French President Nicolas Sarkozy confirmed Monday that the state is set to lend three billion euros each to struggling carmakers Renault and Peugeot-Citroen, in exchange for their commitment to keep French production plants open.
AFP - France will lend 6.5 billion euros (8.5 billion dollars) to three major motor manufacturers in exchange for a pledge to keep French auto plants open, President Nicolas Sarkozy said on Monday.
Renault and Peugeot Citroen will each receive three billion euros, while Renault Trucks, which is owned by AB Volvo of Sweden, will receive 0.5 billion euros, the president announced following talks with car manufacturers.
"This is not a gift. It is not a subsidy. It is a loan offered at a interest rate of six percent," the president said as he announced the measures, to run over a five-year period.
Sarkozy also announced a doubling of state aid to auto industry suppliers, who will receive 600 million euros in a bid to protect the key sector -- which employs one French worker in 10 -- from the global economic storm.
France will also double to two billion euros a bail-out package for the financial services arms of Renault and Peugeot-Citroen.
Sarkozy said the loans would allow France's two leading car manufacturers to "prepare calmly for the future."
"Renault and PSA have made a commitment... to close no sites over the duration of the loan and to do everything to avoid redundancies," he said.
"I welcome this commitment since it gives us the assurance that an acute but temporary crisis will not destroy part of our industrial base and our auto industry skills."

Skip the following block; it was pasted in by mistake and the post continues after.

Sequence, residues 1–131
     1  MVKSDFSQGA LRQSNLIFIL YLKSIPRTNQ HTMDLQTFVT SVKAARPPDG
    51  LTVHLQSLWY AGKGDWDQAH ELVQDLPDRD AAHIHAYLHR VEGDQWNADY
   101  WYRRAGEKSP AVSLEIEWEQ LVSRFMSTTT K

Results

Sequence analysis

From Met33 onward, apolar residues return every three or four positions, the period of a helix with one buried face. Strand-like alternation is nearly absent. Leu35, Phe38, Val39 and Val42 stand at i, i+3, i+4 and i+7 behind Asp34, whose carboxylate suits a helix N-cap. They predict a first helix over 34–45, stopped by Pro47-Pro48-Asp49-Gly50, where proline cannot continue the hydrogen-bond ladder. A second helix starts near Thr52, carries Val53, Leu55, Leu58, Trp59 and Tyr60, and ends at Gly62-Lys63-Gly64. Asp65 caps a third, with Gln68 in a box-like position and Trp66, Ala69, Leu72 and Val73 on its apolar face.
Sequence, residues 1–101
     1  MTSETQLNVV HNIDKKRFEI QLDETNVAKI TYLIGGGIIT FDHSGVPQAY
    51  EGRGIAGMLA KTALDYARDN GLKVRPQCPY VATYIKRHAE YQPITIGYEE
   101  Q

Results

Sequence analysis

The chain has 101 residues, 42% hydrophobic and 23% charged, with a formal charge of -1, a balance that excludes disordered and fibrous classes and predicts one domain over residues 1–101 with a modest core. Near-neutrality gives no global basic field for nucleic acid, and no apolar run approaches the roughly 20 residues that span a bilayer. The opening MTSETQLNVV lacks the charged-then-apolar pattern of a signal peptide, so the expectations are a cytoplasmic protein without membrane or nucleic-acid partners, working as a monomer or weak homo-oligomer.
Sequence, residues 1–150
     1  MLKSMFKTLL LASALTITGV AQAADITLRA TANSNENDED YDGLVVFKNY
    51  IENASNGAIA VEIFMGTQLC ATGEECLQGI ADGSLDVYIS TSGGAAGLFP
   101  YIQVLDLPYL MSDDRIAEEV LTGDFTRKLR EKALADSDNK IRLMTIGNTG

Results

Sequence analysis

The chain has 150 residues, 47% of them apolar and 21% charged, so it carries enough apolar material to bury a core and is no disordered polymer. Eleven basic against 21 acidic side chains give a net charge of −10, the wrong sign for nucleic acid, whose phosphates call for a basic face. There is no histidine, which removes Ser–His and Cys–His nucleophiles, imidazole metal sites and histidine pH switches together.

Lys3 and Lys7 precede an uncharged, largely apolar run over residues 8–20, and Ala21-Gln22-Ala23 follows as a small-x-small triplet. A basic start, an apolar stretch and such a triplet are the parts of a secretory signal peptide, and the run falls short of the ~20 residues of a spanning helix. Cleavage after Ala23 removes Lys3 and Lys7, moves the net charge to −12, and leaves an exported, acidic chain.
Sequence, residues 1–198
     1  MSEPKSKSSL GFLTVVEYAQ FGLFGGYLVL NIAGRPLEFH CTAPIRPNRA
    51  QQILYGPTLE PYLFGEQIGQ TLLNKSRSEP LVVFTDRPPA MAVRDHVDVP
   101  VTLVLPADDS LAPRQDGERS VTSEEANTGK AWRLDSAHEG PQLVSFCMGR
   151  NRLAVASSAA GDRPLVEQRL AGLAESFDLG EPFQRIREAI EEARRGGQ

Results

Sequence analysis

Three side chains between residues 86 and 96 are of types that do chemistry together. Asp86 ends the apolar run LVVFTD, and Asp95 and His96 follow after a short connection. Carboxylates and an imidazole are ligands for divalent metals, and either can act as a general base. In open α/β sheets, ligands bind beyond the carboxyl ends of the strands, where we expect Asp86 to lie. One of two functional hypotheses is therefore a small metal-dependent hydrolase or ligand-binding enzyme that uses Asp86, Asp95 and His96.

Peugeot Citroen responded by announcing it would keep all of its French production sites open, and would not lay off French staff despite the slowdown.
The loan offer came as Renault's international partner Nissan announced it was to cut 20,000 workers worldwide and pull out of a joint project with the French firm in Morocco, where they were due to open a large plant.
Sarkozy has made protecting France's iconic industries the central plank of his supply-led plan to ride out the global economic slowdown, but he will have to tread carefully to avoid triggering a row over protectionism.
Already last week, he angered Eastern European governments by suggesting in a television interview that Peugeot should close a plant in the Czech Republic and bring production home to France, where many factories are under threat.
"We want to stop factories from relocating abroad, and if possible bring them back home," Sarkozy said.
"If we give money to the auto industry to restructure itself, it's not so we can hear about a new plant moving to the Czech Republic or wherever."
Last week, France's junior industry minister Luc Chatel said Sarkozy would ask any car companies that receive state aid to "commit to making investments and locating production plants in France."
This provoked a rebuke from EU Competition Commissioner Neelie Kroes, who warned Paris against protectionism.
Other European countries are working on plans to support manufacturing, but France is unusual in concentrating on measures to boost investment in firms rather than consumer spending.
France has a cash bonus to persuade motorists to trade in old car models for new, but the bulk of state aid to the sector will flow directly to the two main firms and their suppliers.
Sarkozy defended this stance in the same television interview last week, in the process also managing to offend Britain's Prime Minister Gordon Brown, who has cut sales taxes to seek a demand-led recovery.
"If the British have done that it's because they have no more industry," Sarkozy said. "Gordon Brown can't do what I've done for the car industry... because they haven't got one."
Since the global downturn began to bite, both Renault and Peugeot have slashed production and shuttered plants, sub-contractors have closed and hundreds of workers have accepted redundancy offers.
Date created : 2009-02-09